I think religion and culture has more power over people than race, specially the younger and hopefully more enlightened generation. I never felt race, ethnicity or nationality was an issue for me, rather religion is a bigger one in term of committing to a life long partner. Perhaps some of the insecurities within interracial dating for black women comes from the fact we are constantly on the defense over our community and life choices. If you are concerned about the guy dating you because he has some ‘jungle fever,’ than its up to you to recognize it and prolong the dating process until you are sure about his character. Usually the white guys I know bring the race issue up front, its like they want to make sure they have no racism towards anyone. Its really funny, I keep telling them its ok to be white….in other words you don’t need to prove yourself to me or my friends.

    I think as you get to know someone, many of these issues will come up and give you a clearer perspectives on the person’s conscious and subconscious believe about race, ethnicity and religion.

  14. BlkQueenBee permalink
    July 5, 2010 5:14 pm

    “Plus, I don’t think many of these white men are even aware that there’s a stereotype that white men only want black women for sex! Seriously, I think this is another contradiction that black women have… we say white men never approach us, but if they supposedly all want sex from us, wouldn’t they be approaching us a lot more? So how can these “rainbow men” all want black women for sex, but never approach us?”

    Exactly. Black people recite this “fact” all the time, but I don’t think white men think this or have ever even heard this said by anyone. My personal experience is that white guys tend to take it pretty slow sex-wise with black women, even slower than they do with other-race women. It seems like they want to make it’s all OK with you as things progress.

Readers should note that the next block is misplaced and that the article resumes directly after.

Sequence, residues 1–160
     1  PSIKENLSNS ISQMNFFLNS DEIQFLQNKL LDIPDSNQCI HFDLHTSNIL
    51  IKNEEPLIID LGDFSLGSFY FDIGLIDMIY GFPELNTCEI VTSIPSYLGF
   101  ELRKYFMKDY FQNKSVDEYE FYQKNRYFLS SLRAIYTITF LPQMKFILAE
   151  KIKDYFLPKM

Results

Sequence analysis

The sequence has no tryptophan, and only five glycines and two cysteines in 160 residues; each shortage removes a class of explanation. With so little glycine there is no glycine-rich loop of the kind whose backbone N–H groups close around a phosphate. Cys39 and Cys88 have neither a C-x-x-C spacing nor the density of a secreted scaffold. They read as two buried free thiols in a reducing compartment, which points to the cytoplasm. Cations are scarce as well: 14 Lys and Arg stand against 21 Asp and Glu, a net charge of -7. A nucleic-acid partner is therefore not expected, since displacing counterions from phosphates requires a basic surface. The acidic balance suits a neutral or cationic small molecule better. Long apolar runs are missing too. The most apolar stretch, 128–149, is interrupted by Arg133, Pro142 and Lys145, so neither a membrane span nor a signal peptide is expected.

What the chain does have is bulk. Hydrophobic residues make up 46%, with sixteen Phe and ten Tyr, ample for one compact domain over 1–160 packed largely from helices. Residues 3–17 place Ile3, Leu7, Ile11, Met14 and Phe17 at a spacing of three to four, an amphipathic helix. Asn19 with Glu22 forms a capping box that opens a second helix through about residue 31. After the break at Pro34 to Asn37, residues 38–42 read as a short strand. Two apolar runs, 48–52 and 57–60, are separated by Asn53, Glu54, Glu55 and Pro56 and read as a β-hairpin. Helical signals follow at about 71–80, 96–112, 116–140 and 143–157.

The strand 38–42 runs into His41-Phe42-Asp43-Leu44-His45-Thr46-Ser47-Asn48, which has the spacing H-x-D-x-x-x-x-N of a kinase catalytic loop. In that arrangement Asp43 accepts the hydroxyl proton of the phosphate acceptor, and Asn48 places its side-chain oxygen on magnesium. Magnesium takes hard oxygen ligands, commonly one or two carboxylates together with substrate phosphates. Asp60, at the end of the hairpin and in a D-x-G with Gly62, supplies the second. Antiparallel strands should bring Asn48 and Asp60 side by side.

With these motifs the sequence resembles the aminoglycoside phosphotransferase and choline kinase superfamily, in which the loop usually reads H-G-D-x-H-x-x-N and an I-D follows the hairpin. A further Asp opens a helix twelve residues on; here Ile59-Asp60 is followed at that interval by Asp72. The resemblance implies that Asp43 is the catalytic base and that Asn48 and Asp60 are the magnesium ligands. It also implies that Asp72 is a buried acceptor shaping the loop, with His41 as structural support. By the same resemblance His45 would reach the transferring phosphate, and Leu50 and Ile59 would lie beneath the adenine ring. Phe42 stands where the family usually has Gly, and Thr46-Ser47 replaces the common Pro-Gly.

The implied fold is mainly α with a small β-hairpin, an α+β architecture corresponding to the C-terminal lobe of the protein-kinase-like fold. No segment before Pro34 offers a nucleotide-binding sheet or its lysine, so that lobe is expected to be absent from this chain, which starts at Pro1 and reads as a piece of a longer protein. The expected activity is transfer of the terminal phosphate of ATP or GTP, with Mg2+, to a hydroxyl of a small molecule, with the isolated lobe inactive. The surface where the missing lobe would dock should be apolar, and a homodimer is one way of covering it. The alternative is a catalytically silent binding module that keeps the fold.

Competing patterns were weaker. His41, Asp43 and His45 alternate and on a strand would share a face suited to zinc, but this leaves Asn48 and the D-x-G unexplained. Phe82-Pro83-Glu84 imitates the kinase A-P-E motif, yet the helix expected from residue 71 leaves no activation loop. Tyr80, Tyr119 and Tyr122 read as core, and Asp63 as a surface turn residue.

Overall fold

I’ve even asked a couple of white guys I dated if they were more cautious in getting to the sex part with me than they would have been with a white chick, because it seemed like they were, like it was so s-l-o-w, and they replied in the affirmative. And then apologized, but said it was just a matter of making sure they were reading the signals right.

    BTW, after that intial ice-breaker, all the guys very much made up for lost time. Yes, indeed.

    • Hodan permalink
      July 5, 2010 7:03 pm

      I agree. Besides, any hetro dude wants sex and thinks about it often….it goes beyond race and religion. Its not like black guys don’t think about it when they are dating black women. You just have to be savvy about it and have enough confidence and respect over your sexuality and body….to dictate if and when you’ll be intimate with any man.